Vulkan Notes

Vulkan Articles and Videos

Time-ordered notes on Vulkan articles and videos, with the newest on top.

Vulkan: Scaling to multiple threads video

November 19th, 2015

Notes on the video


  • Tobias, in IMG dev tech for 5 years.
  • No new information in this talk.
  • Subject will be about scaling to multiple threads.

GPU Waiting on the CPU?

  • Talked last time about how API inefficiencies can slow things down on CPU.
  • Another side to that...
  • Multi-core CPUs
    • GLES is stuck with a single thread.
    • In a 4 core CPU, GLES only uses 1 at a time.
    • Stop-gap solutions for special cases like background loading resources and post processing effects dont really scale.

Making use of all the cores

  • Why do you want to se all the cores?
    • If you can scale workloads over all cores, you can get more efficiency.
    • More efficient for power to run many cores at a low clock rate than one at a high clock rate.
      • Better battery life
      • Less heat.
    • Want linear progression of scaling without spending all time synching.
  • Gnome Demo
    • Uses 2D uniform grid of square cells ("tiles").
    • Each cell is frustum culled and streamed as they come on-screen.
      • In GLES a cell just produces a batch of drawcalls.
      • In Vulkan they are individual command buffers.
    • In zoomed-out view a lot of these cells are created and destroyed each frame.
      • On order of four hundred thousand draw calls each frame.
      • ~250k of these are temporally coherent: reused from previous frame.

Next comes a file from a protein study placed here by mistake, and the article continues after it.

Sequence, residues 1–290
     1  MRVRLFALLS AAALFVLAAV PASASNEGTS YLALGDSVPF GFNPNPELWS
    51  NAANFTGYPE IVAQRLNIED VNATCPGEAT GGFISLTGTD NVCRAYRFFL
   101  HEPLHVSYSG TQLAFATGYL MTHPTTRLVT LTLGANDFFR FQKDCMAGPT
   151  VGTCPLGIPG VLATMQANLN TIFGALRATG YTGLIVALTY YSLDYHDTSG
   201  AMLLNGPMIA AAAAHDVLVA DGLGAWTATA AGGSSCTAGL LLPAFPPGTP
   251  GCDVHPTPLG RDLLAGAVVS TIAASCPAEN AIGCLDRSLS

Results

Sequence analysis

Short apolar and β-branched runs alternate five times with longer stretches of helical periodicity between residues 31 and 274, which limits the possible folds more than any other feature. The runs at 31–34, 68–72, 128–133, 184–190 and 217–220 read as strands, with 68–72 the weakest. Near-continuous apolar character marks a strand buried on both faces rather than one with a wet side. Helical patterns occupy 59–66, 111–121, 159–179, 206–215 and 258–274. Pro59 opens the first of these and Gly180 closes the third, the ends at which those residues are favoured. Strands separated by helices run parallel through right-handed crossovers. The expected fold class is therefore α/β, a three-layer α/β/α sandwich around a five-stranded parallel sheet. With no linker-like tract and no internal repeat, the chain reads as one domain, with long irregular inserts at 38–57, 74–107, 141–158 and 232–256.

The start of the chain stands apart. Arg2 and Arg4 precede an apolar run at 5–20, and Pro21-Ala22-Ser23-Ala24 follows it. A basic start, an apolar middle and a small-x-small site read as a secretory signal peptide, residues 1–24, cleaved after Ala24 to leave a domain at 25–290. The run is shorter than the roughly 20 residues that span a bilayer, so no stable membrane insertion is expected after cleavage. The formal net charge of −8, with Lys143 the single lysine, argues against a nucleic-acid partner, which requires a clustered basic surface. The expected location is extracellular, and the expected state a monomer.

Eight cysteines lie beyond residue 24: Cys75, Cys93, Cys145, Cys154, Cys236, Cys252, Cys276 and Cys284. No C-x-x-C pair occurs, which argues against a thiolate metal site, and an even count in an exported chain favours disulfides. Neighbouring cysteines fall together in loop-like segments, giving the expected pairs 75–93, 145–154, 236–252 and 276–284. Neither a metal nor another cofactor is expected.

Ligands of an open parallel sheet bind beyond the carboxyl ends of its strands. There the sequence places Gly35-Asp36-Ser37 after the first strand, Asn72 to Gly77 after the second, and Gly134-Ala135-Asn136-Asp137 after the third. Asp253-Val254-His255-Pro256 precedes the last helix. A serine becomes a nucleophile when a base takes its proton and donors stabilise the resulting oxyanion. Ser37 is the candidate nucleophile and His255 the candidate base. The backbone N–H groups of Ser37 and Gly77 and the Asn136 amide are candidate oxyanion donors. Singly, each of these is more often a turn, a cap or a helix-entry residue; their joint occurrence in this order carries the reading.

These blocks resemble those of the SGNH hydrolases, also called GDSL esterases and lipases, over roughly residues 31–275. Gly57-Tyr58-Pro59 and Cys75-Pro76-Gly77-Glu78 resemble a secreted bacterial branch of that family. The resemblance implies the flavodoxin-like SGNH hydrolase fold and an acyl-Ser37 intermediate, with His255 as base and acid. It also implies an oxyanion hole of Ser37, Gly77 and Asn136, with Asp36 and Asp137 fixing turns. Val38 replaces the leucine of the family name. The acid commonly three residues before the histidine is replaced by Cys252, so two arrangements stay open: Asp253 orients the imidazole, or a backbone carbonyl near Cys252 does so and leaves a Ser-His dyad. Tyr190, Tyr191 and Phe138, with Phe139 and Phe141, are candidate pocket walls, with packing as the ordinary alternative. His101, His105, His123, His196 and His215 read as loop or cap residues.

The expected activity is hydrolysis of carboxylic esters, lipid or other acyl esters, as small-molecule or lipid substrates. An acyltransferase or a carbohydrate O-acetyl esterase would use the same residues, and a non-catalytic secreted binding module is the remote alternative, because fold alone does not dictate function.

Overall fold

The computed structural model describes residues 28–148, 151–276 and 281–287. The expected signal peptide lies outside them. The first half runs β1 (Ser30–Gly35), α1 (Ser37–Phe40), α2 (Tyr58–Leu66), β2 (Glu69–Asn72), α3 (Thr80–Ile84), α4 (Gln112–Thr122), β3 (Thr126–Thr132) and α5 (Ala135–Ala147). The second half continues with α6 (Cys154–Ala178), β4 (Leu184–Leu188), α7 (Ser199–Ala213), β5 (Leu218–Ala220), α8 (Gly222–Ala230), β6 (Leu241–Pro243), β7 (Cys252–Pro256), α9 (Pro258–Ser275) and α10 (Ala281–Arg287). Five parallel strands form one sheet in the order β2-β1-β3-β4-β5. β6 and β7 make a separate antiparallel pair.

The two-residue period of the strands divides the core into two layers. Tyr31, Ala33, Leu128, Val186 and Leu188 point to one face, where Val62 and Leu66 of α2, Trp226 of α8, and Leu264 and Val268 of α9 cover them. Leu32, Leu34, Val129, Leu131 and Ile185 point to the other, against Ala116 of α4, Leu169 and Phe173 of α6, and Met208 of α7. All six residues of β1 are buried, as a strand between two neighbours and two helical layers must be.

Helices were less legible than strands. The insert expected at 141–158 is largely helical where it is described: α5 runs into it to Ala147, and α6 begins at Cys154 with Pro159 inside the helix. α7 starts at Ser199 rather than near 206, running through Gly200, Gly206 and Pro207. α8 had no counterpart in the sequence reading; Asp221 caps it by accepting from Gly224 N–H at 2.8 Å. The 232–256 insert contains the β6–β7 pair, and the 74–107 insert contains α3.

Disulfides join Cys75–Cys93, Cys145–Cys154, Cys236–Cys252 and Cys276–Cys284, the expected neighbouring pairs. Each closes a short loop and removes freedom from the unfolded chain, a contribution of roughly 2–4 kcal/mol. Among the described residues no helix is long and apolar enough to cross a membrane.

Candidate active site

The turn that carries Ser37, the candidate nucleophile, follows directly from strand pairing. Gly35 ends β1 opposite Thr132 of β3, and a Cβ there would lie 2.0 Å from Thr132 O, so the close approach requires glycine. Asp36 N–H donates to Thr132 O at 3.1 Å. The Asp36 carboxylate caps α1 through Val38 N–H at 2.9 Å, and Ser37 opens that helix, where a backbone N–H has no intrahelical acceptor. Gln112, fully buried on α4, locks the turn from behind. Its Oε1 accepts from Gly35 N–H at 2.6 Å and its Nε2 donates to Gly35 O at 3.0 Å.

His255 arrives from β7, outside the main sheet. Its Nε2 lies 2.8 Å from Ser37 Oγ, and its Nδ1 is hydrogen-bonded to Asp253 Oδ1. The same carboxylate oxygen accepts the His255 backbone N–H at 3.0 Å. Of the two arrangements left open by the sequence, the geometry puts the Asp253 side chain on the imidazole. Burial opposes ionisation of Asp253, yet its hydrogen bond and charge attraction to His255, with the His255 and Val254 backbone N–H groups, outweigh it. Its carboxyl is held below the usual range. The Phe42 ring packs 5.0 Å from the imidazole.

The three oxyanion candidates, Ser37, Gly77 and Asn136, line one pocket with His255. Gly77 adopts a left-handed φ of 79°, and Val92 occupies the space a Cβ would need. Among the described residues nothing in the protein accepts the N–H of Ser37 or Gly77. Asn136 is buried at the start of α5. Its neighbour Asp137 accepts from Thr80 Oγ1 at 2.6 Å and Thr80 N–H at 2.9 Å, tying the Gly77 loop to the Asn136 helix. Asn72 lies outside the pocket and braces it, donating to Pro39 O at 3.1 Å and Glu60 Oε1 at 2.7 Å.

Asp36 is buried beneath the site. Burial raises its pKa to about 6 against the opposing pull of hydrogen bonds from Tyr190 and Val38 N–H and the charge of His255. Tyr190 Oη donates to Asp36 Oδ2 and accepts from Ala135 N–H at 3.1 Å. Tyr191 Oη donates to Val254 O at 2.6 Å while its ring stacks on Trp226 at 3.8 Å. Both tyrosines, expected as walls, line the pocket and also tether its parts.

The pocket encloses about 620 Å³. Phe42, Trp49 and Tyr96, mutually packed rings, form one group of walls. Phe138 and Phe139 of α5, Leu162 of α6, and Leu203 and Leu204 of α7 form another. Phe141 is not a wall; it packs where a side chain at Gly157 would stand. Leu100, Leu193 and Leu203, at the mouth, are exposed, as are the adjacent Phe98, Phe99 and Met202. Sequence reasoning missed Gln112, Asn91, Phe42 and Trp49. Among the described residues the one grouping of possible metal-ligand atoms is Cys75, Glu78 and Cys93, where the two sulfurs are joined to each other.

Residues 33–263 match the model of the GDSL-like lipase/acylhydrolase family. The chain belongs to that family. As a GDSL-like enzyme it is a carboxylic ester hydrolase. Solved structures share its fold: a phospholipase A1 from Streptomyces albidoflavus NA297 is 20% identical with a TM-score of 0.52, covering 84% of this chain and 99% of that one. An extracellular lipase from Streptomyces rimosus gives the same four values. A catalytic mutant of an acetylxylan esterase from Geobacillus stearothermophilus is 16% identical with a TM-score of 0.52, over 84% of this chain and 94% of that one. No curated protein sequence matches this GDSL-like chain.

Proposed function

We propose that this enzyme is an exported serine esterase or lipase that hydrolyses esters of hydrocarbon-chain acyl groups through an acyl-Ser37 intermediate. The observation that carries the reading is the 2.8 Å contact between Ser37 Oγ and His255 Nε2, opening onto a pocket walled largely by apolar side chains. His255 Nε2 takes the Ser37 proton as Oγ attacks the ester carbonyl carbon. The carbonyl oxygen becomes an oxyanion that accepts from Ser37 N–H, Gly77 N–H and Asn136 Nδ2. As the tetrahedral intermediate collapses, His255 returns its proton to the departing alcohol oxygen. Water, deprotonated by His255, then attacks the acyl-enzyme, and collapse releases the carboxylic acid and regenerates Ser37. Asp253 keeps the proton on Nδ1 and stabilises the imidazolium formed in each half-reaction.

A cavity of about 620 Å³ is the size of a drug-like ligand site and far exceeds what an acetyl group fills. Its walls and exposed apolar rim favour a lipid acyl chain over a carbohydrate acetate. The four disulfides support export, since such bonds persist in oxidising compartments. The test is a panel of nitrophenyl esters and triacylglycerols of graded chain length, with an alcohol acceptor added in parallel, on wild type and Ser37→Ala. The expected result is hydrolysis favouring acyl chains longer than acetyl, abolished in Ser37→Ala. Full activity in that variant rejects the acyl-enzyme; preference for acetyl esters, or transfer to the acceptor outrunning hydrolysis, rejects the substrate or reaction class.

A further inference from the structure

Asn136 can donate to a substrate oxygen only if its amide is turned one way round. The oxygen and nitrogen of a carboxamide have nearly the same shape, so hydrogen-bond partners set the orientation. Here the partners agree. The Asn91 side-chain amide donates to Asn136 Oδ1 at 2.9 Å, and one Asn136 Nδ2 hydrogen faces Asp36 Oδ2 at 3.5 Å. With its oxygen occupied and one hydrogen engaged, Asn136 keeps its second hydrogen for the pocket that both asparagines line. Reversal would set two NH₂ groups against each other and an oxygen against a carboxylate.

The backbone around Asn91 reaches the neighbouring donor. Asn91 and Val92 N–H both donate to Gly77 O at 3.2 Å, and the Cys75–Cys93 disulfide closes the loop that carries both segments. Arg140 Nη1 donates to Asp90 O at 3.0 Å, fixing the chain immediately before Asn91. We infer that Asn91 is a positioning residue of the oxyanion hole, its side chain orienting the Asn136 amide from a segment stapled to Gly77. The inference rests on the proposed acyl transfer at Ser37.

• ~150k are brand new.
      • In GLES there is one core maxed-out.
      • When we speed up the movement of the camera so there is lots of dymanic buffer creation, if we only had one core, Vullkan would get stuck like GLES does maxing out one core. Because Vulkan lets command buffers be created on multiple cores, the FPS stays fairly high.

Vulkan Mechanisms for scaling

  • Nothing magical, just good solid engineering.
  • Vulkan gives lots of mechanisms for scaling.
  • Not doing magic in background on different threads.
  • Vulkan puts you in charge of what threads do what work.
  • No Global State
    • GLES required thread local storage.
      • Lookup in TLS on every function call. Lots of cache misses and indirections.
    • Vulkan requires getting an instance object to start to talk to it.
      • There is no implicit context: all state related to a call is in the arguments to it.
  • External Synchronization
    • GLES makes all functions safe from all threads.
      • Adds lots of locks internally to make this work.
      • Locks can be expensive on some platforms/architectures even if not causing a wait.
    • Vulkan does not lock on modification of internal state.
      • E.g., if you wanted to reset a command buffer, you could cause all sorts of problems if it was in use. Up to you to sync.
    • Upshot: no locking in driver, you rarely lock, better scaling, better perf.
  • Multithreaded command generation
    • GLES:
      • No separation of work generation and submission.